Cite This Page:

Chalmers University. "Integrated Receiver For High Frequency Applications On A Tiny Chip." ScienceDaily. ScienceDaily, 31 December 2007. <www.sciencedaily.com/releases/2007/11/071128092106.htm>.
Chalmers University. (2007, December 31). Integrated Receiver For High Frequency Applications On A Tiny Chip. ScienceDaily. Retrieved August 22, 2014 from www.sciencedaily.com/releases/2007/11/071128092106.htm
Chalmers University. "Integrated Receiver For High Frequency Applications On A Tiny Chip." ScienceDaily. www.sciencedaily.com/releases/2007/11/071128092106.htm (accessed August 22, 2014).

Share This




More Matter & Energy News

Friday, August 22, 2014

Featured Research

from universities, journals, and other organizations


Featured Videos

from AP, Reuters, AFP, and other news services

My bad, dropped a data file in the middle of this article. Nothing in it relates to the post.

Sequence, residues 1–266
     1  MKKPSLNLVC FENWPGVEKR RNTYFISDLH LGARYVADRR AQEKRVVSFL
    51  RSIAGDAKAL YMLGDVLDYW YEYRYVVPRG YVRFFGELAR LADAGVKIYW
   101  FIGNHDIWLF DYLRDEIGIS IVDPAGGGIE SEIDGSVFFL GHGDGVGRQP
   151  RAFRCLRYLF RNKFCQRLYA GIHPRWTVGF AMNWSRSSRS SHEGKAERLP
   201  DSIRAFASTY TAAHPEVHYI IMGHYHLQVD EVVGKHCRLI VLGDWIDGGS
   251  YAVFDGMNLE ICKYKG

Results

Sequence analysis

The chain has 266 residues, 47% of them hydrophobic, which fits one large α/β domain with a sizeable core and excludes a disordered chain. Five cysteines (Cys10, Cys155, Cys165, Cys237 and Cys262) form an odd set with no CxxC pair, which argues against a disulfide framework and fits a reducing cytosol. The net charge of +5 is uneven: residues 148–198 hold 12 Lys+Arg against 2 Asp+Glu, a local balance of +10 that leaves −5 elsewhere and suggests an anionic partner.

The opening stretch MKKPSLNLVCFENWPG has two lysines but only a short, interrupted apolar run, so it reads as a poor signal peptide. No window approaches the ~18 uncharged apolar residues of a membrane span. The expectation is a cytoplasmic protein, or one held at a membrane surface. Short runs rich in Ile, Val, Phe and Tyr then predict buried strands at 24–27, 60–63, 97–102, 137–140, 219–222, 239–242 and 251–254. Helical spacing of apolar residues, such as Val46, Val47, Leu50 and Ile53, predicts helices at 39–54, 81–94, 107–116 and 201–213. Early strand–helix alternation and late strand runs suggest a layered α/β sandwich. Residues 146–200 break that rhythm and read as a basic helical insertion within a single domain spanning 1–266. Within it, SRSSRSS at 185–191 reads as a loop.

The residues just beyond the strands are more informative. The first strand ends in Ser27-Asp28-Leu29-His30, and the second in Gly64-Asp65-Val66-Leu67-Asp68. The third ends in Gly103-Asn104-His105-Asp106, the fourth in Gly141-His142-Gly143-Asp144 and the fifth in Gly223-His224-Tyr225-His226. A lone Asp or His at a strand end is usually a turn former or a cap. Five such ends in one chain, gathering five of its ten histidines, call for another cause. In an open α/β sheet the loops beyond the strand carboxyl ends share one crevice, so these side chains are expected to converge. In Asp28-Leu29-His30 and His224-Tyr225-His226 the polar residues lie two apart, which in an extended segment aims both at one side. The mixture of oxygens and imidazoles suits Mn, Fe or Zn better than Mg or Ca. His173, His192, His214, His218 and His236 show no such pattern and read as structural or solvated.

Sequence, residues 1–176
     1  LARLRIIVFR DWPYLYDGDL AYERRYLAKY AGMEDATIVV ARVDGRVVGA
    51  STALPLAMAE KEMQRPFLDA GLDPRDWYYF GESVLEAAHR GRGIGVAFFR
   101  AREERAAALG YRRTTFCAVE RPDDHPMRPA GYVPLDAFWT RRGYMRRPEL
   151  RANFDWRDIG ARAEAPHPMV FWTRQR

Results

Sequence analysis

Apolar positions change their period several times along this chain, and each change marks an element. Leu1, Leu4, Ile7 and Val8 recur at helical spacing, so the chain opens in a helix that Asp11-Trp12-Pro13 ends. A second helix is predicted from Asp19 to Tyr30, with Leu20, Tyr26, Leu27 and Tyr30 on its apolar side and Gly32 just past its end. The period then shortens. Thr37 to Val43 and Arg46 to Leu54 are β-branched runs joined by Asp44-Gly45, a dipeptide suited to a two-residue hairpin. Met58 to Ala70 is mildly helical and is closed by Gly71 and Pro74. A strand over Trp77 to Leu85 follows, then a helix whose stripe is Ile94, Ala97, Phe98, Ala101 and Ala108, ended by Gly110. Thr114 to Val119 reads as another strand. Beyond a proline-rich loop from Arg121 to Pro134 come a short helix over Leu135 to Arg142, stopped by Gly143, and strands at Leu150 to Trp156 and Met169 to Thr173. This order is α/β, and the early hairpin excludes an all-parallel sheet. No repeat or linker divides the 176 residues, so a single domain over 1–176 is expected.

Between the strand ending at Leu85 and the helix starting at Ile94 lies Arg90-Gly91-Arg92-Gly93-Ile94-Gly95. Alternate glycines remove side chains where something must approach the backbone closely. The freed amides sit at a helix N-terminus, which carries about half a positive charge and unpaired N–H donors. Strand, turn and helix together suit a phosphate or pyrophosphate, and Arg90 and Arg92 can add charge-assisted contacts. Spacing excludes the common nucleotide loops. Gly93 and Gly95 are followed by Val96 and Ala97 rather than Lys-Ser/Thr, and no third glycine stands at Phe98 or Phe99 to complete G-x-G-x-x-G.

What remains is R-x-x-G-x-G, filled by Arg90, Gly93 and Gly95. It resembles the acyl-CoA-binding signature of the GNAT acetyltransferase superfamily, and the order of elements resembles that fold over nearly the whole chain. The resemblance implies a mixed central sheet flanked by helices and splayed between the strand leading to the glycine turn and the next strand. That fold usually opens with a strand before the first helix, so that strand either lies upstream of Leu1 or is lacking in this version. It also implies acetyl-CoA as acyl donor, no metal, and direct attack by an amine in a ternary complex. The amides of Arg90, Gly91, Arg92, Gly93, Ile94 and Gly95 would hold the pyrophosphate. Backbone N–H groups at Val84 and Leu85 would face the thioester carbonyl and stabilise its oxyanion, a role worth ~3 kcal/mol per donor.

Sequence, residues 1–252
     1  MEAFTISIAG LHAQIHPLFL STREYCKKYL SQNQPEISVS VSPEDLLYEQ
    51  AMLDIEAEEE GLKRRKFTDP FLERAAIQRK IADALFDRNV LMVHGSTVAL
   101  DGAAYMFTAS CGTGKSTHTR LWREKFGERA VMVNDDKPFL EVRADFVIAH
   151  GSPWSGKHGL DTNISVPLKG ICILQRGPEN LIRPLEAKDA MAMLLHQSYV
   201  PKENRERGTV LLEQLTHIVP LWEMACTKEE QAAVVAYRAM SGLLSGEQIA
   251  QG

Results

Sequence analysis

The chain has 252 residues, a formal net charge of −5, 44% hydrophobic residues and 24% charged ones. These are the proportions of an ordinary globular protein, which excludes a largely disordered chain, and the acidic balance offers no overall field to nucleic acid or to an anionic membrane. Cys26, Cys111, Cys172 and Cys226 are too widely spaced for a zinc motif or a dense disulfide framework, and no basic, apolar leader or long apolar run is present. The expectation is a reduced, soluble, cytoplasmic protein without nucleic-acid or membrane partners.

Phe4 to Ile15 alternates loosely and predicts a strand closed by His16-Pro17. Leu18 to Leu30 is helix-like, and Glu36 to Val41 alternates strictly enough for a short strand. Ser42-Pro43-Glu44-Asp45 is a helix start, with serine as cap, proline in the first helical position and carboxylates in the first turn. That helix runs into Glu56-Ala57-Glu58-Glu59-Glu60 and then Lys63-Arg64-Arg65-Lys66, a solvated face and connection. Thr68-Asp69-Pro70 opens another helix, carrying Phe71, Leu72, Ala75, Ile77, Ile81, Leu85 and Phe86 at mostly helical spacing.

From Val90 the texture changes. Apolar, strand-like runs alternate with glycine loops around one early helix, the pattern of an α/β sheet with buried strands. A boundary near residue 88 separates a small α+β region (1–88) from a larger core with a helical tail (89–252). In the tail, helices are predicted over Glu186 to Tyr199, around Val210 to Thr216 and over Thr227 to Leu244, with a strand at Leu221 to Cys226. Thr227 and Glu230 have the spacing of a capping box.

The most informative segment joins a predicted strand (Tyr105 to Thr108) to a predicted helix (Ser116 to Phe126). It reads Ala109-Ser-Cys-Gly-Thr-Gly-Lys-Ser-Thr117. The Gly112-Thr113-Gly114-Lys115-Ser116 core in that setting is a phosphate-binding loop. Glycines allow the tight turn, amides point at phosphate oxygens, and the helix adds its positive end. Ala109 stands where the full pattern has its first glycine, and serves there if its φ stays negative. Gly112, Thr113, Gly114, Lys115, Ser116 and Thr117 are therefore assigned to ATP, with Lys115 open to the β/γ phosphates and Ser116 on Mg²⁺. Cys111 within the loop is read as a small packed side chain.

Is It a Plane? No, It's a Hoverbike

Is It a Plane? No, It's a Hoverbike

Reuters - Business Video Online (Aug. 22, 2014) UK-based Malloy Aeronautics is preparing to test a manned quadcopter capable of out-manouvering a helicopter and presenting a new paradigm for aerial vehicles. A 1/3-sized scale model is already gaining popularity with drone enthusiasts around the world, with the full-sized manned model expected to take flight in the near future. Matthew Stock reports. Video provided by Reuters
Powered by NewsLook.com
Coal Gas Boom in China Holds Climate Risks

Coal Gas Boom in China Holds Climate Risks

AP (Aug. 22, 2014) China's energy revolution could do more harm than good for the environment, despite the country's commitment to reducing pollution and curbing its carbon emissions. (Aug. 22) Video provided by AP
Powered by NewsLook.com
Former TSA X-Ray Scanners Easily Tricked To Miss Weapons